Doctoral Colloquium

Citizen Adoption of Technology Mediated Social Participation Systems BIBAFull-Text 250-251
  Fahad Alayed
I study technologies developed to encourage the public to contribute to the public good. However, few of these systems are well accepted and adopted by public. Using a mixed methods approach grounded on technology acceptance theoretical frameworks, my dissertation explores why people are motivated to take participatory actions to be more involved and engaged within their communities? By using an example of Balagh Tejary, a public participation mobile application used to report merchant violations with the Ministry of Commerce in Saudi Arabia I aim to explore the motivational factors underpinning the acceptance of public participation systems in public good domain.
Networked Handhelds for Collaborative Sense-Making in Undergraduate Physics BIBAFull-Text 252-254
  Lisa A. Hardy
Classroom networks of handheld devices have the potential to support a new genre of collaborative learning activities, enabling complex small group tasks that encourage and support the simultaneous engagement of all students. At the same time, one-to-one personal computing with intuitive touchscreen interfaces offers engaging simulations and visualization aids to individual learners. However, it is not well understood how to design effective simulations to be used by and to engage groups of students in a collaborative setting. My dissertation work is an exploration of the collaborative physics activity design space opened up by networked handheld devices. Specifically, I study the design of networked simulations with the aim of engaging students in high-level discourse about physics concepts.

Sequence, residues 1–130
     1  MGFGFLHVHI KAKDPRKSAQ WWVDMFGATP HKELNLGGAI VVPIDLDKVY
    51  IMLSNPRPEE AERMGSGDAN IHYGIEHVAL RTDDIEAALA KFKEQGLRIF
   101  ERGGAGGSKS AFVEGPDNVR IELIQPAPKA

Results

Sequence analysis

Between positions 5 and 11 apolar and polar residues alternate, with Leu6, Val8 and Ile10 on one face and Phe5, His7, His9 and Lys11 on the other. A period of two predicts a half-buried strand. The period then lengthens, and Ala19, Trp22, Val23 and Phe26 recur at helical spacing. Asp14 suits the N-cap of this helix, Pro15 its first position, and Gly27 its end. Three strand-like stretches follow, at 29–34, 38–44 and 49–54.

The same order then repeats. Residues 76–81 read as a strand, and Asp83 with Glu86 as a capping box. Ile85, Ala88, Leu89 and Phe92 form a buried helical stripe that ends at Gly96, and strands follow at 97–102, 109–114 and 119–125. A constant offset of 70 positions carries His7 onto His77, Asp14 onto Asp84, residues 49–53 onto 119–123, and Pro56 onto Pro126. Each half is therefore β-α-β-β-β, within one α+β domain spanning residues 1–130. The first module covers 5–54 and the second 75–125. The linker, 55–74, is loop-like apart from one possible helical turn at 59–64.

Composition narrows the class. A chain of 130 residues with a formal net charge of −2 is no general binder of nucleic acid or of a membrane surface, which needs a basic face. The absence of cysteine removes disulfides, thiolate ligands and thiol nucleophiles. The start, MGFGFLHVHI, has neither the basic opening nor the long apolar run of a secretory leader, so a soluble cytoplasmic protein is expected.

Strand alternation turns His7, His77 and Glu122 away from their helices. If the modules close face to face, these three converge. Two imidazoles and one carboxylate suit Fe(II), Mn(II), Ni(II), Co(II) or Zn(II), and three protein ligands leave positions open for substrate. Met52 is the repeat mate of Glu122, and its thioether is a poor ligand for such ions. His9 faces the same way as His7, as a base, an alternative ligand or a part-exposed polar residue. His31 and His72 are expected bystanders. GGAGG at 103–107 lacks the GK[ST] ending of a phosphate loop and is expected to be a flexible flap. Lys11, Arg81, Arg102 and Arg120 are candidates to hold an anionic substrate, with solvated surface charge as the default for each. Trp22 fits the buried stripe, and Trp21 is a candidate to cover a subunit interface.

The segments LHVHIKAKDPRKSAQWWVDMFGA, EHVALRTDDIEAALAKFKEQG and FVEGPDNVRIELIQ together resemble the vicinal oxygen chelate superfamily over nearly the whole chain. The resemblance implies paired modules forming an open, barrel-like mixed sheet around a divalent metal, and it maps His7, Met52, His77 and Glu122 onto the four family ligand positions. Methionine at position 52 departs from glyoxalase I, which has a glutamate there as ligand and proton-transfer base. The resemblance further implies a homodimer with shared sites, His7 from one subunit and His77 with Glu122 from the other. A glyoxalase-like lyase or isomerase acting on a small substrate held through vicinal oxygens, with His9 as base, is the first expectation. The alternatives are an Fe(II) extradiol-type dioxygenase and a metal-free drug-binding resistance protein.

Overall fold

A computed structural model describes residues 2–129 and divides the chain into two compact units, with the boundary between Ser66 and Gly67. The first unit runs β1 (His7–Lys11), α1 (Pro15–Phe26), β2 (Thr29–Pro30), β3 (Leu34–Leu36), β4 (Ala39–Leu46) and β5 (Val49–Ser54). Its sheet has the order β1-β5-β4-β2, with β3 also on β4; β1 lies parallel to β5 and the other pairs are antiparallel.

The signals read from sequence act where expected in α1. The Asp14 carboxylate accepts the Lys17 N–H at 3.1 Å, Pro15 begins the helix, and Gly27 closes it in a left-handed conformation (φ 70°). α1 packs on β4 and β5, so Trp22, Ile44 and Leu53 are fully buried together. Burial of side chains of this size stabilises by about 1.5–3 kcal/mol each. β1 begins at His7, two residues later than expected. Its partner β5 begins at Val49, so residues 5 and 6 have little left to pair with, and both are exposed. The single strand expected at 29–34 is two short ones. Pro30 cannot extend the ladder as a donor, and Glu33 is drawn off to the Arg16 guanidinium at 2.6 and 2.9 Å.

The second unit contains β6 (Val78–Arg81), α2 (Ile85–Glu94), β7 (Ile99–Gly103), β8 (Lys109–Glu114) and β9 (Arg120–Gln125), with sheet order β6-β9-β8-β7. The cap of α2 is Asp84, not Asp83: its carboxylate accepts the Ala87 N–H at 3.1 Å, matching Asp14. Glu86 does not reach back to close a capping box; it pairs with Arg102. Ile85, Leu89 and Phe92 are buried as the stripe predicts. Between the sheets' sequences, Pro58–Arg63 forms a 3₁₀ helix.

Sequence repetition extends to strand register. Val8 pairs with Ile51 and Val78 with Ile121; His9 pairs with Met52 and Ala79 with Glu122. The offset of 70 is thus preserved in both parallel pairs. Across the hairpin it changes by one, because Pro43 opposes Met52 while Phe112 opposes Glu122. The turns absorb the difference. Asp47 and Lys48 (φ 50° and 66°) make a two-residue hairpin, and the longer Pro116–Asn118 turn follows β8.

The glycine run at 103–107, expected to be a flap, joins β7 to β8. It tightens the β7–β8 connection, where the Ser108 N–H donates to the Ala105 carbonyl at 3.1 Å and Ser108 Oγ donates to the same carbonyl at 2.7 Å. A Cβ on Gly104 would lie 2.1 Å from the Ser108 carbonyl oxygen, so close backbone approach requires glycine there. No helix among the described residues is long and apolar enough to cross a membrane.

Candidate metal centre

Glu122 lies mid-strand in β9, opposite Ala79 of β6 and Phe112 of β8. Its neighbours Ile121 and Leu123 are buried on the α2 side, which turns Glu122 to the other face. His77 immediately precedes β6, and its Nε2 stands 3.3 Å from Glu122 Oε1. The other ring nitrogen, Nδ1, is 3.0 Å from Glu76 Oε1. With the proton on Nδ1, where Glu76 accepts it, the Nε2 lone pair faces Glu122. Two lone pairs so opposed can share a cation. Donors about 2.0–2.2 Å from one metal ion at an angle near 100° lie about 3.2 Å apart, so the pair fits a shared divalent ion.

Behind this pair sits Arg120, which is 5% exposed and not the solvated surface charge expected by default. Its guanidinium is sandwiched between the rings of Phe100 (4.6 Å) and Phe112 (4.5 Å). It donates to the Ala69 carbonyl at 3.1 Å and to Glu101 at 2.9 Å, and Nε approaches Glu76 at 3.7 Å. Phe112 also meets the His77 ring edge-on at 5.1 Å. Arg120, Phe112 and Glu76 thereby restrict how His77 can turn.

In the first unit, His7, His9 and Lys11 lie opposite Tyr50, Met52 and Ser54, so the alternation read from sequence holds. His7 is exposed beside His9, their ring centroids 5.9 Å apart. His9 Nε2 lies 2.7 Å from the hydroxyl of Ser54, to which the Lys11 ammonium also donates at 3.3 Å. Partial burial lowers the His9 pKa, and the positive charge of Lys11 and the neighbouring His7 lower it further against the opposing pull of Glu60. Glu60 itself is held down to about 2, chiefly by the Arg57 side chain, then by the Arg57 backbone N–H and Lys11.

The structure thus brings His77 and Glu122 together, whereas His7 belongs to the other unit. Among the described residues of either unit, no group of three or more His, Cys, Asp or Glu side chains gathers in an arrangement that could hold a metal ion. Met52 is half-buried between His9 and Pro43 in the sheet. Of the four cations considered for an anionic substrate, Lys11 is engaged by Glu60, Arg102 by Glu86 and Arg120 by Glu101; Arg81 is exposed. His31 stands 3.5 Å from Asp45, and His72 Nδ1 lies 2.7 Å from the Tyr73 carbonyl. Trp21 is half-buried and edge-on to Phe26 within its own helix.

Using Technology to Increase Meaningful Engagement in a Memory Care Unit BIBAFull-Text 255-257
  Amanda Lazar
Dementia is affecting an increasing number of people due to the global aging of the population. People with dementia living in memory care units (MCUs) often lack access to meaningful activities and social interactions. Information and communication technologies (ICT) have a tremendous potential to increase activity opportunities for people in MCUs. In two longitudinal studies, I used observations, interviews, and repeated quantitative measures to evaluate the use of a commercially available multi-functional technology system with people with dementia, staff, and family members. Next steps include data analysis and generating recommendations for system designers.